Improving System Efficiency Through Bed TechnologyWed, 09/05/2018 - 14:58
Q: What market opportunities have you identified in the Mexican population regarding epidemiology and social trends?
A: We want to improve and amplify markets like geriatric care. Between 1990 and 2017, the percentage of adults over 60 years old in Mexico rose from 6.4 percent to 10.5 percent. This social evolution requires changes in healthcare since there are no precise public policies regarding who is responsible for providing care to this population in Mexico.
We are interested in focusing our technology on home care. We have developed specialized beds to this end and we want to make them available to the public. These beds can prevent a significant number of fractures caused by falls, with safety devices to protect the patient. The beds can also reach a very high height, so when the patient lies down it is easier for the caregiver to perform activities like changing the sheets.
We are waiting for a regulation from the Ministry of Health and the National Geriatrics Institute (INGER) that specifies the infrastructure required in homes and specialized institutions. Meanwhile, we want to reach caregivers, nurses and families who have someone at home with mobility problems and also residences so they can improve their offer and provide the best care.
Q: How does Linet contribute to the treatment of chronic diseases?
A: Chronic diseases such as diabetes, obesity and renal insufficiency are impacting the Mexican population. With the purchase of BORCAD Medical in 2016, Linet acquired a solution to alleviate the impact of kidney failure: special chairs that provide a more comfortable experience as patients receive their treatment and which can be used to provide treatment in places that do not have the necessary infrastructure.
We also have a line of beds for gynecology and obstetrics that we presented in July 2017 at the Mexican Congress of Gynecology and Obstetrics.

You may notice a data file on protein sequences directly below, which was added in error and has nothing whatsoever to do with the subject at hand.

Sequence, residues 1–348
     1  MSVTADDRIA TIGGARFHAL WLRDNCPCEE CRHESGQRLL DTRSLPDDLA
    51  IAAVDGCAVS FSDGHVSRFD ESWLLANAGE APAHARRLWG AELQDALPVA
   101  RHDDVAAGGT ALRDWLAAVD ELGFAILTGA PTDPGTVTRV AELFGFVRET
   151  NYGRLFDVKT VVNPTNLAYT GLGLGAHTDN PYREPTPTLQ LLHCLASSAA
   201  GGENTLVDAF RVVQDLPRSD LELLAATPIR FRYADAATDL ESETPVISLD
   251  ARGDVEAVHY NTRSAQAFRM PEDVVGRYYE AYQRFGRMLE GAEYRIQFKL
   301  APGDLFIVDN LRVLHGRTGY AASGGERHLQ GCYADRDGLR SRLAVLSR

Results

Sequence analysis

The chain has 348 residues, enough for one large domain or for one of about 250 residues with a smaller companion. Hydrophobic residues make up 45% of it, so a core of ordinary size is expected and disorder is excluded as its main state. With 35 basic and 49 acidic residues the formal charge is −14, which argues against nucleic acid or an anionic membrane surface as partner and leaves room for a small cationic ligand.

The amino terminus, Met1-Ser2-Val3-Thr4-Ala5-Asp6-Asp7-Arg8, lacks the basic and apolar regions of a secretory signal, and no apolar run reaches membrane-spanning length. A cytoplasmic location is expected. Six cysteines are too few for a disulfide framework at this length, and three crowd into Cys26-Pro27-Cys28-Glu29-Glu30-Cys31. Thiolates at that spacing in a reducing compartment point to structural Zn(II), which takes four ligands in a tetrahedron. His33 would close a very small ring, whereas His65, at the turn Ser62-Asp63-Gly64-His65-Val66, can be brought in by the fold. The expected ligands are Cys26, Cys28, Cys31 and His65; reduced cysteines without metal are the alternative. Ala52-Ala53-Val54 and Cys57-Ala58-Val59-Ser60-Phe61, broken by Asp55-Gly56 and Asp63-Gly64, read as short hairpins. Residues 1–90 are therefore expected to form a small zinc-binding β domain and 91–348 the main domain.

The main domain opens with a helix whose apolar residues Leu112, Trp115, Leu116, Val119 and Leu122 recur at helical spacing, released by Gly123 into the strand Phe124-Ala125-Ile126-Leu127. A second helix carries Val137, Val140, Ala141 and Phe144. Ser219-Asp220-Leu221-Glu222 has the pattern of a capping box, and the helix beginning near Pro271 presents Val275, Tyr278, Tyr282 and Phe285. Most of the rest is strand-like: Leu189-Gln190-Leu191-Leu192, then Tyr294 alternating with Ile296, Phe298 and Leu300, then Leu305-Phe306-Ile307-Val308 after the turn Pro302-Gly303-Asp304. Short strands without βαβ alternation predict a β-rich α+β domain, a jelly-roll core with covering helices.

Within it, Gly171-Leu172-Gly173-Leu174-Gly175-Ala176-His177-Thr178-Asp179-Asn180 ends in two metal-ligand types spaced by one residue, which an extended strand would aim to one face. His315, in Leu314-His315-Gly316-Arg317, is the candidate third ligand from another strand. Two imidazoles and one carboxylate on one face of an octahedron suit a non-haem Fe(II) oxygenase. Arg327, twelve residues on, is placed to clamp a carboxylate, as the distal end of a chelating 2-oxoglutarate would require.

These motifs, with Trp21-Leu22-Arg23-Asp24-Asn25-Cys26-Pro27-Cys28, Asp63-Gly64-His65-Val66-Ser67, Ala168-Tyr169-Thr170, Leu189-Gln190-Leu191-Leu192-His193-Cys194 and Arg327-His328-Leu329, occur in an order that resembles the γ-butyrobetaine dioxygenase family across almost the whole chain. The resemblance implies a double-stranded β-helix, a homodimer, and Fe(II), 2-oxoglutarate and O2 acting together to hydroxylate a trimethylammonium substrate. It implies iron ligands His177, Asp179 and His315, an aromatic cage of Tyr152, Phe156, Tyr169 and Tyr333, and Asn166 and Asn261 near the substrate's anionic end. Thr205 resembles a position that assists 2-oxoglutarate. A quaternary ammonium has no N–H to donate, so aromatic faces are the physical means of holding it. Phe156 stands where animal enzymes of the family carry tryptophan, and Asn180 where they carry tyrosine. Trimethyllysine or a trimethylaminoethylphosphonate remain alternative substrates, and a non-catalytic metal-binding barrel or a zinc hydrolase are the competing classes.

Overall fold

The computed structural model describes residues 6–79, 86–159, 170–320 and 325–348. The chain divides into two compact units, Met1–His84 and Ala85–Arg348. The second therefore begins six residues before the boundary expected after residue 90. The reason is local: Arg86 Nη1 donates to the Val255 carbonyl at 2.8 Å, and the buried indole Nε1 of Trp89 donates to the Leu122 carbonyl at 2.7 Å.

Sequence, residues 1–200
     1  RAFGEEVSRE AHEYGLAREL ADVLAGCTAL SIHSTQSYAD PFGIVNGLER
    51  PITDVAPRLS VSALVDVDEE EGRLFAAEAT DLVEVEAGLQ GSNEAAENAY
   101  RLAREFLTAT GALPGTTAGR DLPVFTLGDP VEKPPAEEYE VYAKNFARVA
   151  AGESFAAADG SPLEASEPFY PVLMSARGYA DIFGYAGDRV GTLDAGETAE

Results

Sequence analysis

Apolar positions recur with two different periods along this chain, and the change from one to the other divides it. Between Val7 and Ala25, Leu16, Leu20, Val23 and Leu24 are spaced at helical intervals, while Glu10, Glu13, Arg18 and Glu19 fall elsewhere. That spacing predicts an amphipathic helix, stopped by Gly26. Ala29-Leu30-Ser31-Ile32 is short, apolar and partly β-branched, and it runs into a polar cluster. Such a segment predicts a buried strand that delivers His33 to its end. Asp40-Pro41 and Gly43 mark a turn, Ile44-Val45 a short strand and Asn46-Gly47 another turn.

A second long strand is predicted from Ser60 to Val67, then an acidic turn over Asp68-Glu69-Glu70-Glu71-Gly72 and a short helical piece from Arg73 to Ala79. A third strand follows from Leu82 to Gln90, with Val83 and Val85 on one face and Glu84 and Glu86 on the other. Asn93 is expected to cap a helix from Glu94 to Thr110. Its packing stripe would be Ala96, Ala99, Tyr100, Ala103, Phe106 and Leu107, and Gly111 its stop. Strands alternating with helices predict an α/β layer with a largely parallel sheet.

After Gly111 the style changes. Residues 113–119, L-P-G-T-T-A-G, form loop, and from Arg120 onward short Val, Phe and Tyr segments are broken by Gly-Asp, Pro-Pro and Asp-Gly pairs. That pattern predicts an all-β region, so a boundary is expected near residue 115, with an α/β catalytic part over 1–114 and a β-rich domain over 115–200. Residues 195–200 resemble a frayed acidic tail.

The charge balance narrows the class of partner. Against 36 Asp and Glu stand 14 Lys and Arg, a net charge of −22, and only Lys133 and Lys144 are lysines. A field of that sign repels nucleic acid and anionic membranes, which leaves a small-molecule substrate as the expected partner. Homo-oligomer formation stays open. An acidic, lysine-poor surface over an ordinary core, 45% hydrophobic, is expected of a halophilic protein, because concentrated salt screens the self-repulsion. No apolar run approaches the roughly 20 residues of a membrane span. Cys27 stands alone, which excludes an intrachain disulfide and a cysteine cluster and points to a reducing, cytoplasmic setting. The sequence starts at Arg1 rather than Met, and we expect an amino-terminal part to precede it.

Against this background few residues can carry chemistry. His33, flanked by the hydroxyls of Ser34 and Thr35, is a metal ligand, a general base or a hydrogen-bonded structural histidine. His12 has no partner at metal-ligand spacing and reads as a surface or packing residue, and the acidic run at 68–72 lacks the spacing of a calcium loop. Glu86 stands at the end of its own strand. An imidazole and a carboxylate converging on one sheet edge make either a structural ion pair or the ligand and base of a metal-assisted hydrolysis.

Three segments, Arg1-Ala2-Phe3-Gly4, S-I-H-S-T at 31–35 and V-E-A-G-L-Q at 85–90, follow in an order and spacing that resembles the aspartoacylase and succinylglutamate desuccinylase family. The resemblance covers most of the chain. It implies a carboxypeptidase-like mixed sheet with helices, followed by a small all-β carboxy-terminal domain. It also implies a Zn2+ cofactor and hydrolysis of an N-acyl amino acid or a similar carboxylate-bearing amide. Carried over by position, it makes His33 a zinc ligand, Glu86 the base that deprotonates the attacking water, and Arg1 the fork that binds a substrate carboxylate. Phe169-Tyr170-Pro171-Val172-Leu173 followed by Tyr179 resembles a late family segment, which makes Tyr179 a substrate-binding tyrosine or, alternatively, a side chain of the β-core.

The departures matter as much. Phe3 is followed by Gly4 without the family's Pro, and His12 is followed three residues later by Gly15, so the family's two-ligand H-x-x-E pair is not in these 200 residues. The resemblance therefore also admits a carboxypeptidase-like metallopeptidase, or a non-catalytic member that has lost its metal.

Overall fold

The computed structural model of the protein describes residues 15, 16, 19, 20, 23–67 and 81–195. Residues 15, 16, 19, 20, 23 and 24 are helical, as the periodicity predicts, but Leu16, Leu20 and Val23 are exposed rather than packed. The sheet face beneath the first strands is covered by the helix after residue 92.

Q: What is the status of your goal to establish a plant in Tijuana?
A: The opening of a manufacturing plant in Mexico through which we can distribute both to the US and Latin America remains one of our objectives. We hope that the economic relationship between the US and Mexico stabilizes so that we can finally make a decision on this project. We are still thinking about locating it in Tijuana, because this location offers the best opportunities in terms of logistics, costs and supply chain.
Q: Where do you see the greatest opportunities in Mexico?
A: The public market will remain the largest. IMSS has said that it is receiving more funds to develop infrastructure and to take care of the new rightsholders; however, the institution still needs more beds. The private sector is also very interesting as it requires a different strategy. It is more B2C than B2B, but we need to improve to provide the services we want and to achieve the growth we expect.
Q: How does Linet technology contribute to improving the efficiency of the Mexican healthcare system?
A: In the public sector there is a large installed equipment base, although almost half is obsolete. The inclusion of new beds will help public institutions reduce the time that patients stay in hospital. The reason for that is that better materials are much less prone to cause infections and can help patients prevent the development of ulcers caused by pressure.
With our technology for ICU beds, it is possible to reduce the length of stay in one of the most expensive areas in a hospital. In addition, technology helps to reduce complications like pneumonia, caused by mechanical ventilation with automatic lateralization. We are also thinking about the safety of patients and the professionals who help them.